You can think of it this way. Our active brains work very hard collecting information and using up energy. At the end of the day when it’s time to sleep, our brain goes through the process of ridding itself of the built up waist or taking out the trash, so to speak.
So how does it work? Dr. Maiken Nedergaard, the co-director of the Center for Translational Neuromedicine at the University of Rochester wondered this very thing. Through her research of a group of previously ignored cells called glials, Nedergaard found that when the body falls asleep such cells slow the brain’s electrical activity to 1/3 of it’s peak frequency. As we drift the haphazard firing of nerves that occurs when we are awake becomes more synchronized, lulling the nerves into a state of calm so that by the time we are in REM sleep the firing is almost nonexistent.
The Times article explains that,
At the same time, the sleeping brain’s cells shrink, making more room for the brain and spinal cord’s fluid to slosh back and forth between them.”
When we don’t get enough sleep, this process (which is a lot like a dishwasher slushing off the dirt and clearing it away) can’t take place and we are therefore unable to clear all the garbage from our brain. This also helps to explain why Alzheimer’s patients are so often older, as it is a disease caused by the build-up of amyloid protein that isn’t cleared quickly enough.
So what, pray tell, can be done about all of this? It’s actually quite simple. We have got to start to prioritizing our sleep! As a society we pride ourselves on our stamina. Our most famous city, NYC, is touted as the city that never sleeps. We guzzle energy drinks to stay awake and frequent 24 hour gyms and stores. As with so many health issues, education is key! Spread the word, sleeping isn’t lazy it’s essential! Pass it along, share this article and together we can begin to affect a change in attitude and possibly even policy.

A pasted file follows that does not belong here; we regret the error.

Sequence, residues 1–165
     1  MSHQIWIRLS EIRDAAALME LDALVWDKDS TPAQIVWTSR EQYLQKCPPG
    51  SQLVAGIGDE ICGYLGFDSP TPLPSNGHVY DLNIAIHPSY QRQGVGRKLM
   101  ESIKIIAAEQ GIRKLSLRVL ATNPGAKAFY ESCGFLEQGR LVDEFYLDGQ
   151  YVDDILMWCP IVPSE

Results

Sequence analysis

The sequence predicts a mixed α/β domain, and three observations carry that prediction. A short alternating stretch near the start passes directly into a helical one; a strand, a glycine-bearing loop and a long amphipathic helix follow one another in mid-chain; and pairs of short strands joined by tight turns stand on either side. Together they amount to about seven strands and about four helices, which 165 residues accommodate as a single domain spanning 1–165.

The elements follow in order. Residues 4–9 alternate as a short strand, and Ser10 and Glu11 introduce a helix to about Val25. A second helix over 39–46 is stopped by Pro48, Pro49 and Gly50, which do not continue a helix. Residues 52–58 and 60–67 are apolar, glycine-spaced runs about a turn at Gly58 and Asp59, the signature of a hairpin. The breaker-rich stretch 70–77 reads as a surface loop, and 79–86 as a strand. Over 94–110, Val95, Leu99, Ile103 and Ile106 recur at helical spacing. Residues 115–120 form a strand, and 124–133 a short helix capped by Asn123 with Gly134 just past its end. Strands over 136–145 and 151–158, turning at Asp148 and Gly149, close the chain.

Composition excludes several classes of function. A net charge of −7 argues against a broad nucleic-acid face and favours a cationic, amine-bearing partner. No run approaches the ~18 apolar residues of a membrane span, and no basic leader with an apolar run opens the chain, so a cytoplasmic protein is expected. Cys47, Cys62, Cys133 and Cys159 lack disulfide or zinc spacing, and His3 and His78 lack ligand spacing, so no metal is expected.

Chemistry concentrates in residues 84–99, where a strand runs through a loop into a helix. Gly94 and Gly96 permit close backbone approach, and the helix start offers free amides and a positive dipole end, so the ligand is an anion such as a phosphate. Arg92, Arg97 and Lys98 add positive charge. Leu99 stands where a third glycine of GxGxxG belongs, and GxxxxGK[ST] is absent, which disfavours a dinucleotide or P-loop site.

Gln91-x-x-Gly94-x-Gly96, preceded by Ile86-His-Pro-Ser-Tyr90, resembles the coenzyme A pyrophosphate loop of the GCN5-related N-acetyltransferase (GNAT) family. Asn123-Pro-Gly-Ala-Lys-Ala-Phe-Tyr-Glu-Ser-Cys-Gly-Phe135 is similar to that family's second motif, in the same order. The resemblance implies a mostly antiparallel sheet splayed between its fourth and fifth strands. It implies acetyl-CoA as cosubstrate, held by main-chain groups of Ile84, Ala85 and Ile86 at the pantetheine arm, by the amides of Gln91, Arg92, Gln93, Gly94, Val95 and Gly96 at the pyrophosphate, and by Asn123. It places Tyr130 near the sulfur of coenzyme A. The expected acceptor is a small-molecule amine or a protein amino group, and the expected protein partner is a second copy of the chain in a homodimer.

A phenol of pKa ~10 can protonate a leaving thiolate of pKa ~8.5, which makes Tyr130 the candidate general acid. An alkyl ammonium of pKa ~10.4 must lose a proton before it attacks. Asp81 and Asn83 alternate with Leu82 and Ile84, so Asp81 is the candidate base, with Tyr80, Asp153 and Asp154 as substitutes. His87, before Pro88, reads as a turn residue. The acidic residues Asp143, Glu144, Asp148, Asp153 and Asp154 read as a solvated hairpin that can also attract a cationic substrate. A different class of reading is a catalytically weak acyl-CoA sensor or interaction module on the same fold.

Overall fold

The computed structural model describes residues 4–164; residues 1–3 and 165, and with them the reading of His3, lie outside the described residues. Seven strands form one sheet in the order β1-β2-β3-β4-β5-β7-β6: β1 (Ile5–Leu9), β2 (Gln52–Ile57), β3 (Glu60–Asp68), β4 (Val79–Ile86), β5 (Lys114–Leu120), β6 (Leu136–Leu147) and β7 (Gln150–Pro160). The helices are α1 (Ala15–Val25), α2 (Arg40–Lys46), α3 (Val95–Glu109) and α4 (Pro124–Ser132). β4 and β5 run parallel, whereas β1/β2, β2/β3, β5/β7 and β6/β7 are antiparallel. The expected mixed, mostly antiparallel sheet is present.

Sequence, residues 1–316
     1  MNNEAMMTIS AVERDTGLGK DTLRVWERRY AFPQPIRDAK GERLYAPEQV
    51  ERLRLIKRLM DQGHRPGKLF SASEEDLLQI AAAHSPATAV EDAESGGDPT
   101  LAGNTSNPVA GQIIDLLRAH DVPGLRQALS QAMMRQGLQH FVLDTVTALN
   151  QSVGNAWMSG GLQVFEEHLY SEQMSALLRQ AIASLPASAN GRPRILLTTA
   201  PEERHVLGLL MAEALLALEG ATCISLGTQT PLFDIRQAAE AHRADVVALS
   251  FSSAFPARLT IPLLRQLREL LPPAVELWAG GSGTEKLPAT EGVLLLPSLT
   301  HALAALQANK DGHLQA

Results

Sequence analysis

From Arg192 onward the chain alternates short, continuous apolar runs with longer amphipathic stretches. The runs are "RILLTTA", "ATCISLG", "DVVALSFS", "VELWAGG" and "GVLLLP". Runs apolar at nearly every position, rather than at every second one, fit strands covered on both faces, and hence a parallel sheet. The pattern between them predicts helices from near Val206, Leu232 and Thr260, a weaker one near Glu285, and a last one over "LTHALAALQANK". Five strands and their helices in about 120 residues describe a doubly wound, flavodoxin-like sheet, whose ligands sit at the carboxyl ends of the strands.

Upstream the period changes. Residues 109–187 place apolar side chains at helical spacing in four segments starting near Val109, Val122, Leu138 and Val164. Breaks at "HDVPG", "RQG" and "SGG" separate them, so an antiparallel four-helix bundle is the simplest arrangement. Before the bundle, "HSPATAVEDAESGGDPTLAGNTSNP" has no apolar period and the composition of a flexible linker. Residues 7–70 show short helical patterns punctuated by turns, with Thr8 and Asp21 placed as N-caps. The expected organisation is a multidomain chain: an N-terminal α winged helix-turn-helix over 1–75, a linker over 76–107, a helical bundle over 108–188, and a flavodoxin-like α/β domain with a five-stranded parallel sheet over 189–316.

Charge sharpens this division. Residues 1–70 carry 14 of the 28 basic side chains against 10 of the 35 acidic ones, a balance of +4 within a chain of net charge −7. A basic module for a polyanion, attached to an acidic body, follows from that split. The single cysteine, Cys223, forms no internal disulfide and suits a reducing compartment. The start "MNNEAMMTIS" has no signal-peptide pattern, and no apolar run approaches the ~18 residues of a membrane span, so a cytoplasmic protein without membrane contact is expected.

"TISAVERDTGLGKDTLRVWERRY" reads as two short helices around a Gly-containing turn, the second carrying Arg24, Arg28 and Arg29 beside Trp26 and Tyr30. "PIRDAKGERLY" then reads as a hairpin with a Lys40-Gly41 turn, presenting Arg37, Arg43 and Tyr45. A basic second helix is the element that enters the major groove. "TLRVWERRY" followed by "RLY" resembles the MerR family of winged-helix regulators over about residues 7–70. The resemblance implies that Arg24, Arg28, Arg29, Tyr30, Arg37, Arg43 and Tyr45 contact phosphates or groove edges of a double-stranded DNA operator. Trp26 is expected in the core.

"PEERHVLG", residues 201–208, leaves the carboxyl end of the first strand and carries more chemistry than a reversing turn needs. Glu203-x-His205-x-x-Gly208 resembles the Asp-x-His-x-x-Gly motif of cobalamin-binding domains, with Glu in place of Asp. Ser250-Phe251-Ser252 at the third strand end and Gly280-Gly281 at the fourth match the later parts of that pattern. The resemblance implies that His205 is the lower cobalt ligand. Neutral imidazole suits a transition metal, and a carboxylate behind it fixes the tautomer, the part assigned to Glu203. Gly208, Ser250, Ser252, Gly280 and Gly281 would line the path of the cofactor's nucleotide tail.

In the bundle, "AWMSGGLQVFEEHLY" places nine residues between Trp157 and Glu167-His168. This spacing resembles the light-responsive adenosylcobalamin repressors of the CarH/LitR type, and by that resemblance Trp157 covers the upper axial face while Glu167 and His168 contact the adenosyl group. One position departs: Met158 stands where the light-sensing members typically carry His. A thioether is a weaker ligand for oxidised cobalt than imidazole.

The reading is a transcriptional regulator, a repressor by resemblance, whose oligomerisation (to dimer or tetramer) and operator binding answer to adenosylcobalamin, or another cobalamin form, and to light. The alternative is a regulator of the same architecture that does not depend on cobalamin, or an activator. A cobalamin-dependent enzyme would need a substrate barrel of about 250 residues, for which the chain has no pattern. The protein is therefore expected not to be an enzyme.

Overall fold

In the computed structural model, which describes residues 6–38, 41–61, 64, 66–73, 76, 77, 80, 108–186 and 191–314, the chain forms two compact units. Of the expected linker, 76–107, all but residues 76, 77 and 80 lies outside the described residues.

For example, Spain, still recognizes the siesta, a time when the majority of shops close down in the heat of the day and workers are allowed a chance to go home and rest. Can you imagine saying adios to your boss for a couple of hours while you were allowed to catch some shut eye!? It can’t be out of the realm of possibility if we all were to sound the sleeping trumpet.
A recent article in the New York Times reported on a small study of 40 people aged 18 to 50, who after three nights of normal sleep, were given a computer based test to evaluate their tolerance. They were then randomly assigned to either take an hour nap or watch a nature video.
Before the nap period, everyone spent about the same amount of time on the unsolvable task, but afterward nappers, who all reported having slept at least part of the time, spent significantly more time working at it than they had before their nap, while non-nappers gave up sooner. Nappers also rated their behavior as less impulsive than non-nappers.”
The study appears in Personality and Individual Differences and demonstrates, once again the power of sleep even in small doses.
Naps May Improve Our Frustration Tolerance via NYTimes
The Power of Sleep via Time
Napping to modulate frustration and impulsivity: A pilot study via Science Direct
Teens and sleep via Sleep foundation
Better Sleep May be Important for Alzheimer’s Risk